I'm planning to sound-isolate an already-converted garage built on concrete slab. I want to modify the walls to have mass-air-mass with two layers of drywall inside and out.
The room has rigid foam insulation around the slab that protrudes into the room. The insulation, framing, and the drywall installed over it take up an additional 6"+ around the room perimeter. It seems the only way not to disturb the insulation is to add parallel framing on the inside, which I'd really like to avoid.
Is there a feasible way to isolate the room which doesn't compromise the slab and doesn't require adding new framing?
Here are two pictures, a diagram and a photo of the insulation taken through a hole in the drywall which has been there since I bought the house.
The only way to increase isolation without adding framing is to use isolation clips or resilleint channel attached to the existing walls. Otherwise you have to remove the existing rigid insulation, and build your new walls/ceiling with a 1" air gap seperaing the new walls from the existing walls.
Your isolation requirememts and budget determine what the best method will be.
If you supply more detail about the project i can provide a more specific and detailed response. Budget, what your trying to isolate, the purpose of the studio (tracking / mixing / both?), and the desired outcome professional use, or hobby or band rehersal ect. Info on how quiet it needs to be outside will be necesssary too, are your neighbors are close by and sensitive to noise or a quarter mile away?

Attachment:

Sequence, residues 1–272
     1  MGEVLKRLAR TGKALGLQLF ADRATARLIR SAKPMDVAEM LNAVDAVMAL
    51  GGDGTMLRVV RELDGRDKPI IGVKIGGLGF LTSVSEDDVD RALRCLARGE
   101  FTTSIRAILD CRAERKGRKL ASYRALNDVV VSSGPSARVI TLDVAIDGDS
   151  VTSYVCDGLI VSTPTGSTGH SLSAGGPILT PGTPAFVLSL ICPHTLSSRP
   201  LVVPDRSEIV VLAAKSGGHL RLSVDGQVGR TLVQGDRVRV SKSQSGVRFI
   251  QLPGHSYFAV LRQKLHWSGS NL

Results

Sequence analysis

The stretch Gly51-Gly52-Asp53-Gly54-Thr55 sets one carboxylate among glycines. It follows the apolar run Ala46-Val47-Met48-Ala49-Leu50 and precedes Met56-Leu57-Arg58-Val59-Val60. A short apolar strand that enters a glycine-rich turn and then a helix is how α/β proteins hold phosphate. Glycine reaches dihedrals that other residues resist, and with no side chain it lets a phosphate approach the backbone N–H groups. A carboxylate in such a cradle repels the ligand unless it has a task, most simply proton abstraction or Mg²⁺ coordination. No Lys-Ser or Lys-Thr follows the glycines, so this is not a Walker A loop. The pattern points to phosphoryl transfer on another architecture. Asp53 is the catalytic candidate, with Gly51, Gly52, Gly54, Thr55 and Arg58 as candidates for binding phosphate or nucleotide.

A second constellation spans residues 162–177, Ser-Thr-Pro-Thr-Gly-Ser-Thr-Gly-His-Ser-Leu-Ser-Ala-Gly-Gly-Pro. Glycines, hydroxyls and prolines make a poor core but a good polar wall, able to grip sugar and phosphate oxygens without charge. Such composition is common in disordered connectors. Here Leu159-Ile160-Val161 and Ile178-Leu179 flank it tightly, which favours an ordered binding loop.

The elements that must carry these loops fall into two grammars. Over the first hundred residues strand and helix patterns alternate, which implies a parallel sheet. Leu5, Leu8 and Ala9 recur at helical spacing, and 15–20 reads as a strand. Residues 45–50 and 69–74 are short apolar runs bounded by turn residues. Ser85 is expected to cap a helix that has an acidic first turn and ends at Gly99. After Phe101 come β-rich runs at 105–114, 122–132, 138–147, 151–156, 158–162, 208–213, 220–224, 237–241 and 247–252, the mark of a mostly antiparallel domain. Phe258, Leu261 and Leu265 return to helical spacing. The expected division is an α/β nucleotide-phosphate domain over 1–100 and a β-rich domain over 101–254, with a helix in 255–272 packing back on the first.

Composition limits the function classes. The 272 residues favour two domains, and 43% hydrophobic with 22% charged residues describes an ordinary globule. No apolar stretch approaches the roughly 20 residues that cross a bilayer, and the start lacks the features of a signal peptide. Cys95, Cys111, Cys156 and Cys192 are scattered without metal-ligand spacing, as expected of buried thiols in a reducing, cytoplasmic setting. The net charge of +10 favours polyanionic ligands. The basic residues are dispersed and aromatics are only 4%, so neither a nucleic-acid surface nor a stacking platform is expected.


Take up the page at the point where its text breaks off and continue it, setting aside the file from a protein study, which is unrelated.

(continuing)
Its tough to get a perspective based on the drawing and close up. A shot from futher back would help.
I can't visualise he problem from the picture, it has no context or even orientation to a stranger looking at it. Isn't on the diagram?
parabel, post: 462112, member: 51687 wrote: Is there a feasible way to isolate the room which doesn't compromise the slab and doesn't require adding new framing?
Isolation air-mass means you want to have to layer of mass and air between them.. doing it without framing isn't possible. you can put diffusing material on the surface of the actual walls (like sonopans or similar) and create new wall a few inches away from the actual one.. this would make the best isolation. (If isolation is what you need) Any gap in both layer of walls will be a point of failure.
If the goal is to make the room sound good, this isn't the same story. Adding absorbsion material on the surface of the actual walls would be the way to go.. the best thing is to build Bass traps then hang them at strategic reflection points in the room.
If I'm off topic, please refine your question with more details.. ;)